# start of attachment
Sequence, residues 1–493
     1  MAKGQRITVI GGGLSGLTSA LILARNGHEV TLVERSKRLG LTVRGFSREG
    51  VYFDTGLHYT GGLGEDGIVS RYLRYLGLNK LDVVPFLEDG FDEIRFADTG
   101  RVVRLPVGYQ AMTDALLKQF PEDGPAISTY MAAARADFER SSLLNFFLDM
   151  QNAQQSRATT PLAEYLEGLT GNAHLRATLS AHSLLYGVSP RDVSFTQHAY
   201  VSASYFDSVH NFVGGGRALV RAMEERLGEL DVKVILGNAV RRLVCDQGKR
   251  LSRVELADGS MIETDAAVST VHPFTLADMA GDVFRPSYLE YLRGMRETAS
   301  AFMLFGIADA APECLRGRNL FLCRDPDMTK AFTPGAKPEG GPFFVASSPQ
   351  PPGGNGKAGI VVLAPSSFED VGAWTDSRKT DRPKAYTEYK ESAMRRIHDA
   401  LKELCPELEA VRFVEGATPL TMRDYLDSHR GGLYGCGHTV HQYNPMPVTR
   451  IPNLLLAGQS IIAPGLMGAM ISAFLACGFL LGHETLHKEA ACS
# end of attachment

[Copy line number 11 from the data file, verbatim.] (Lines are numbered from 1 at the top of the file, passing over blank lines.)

   451  IPNLLLAGQS IIAPGLMGAM ISAFLACGFL LGHETLHKEA ACS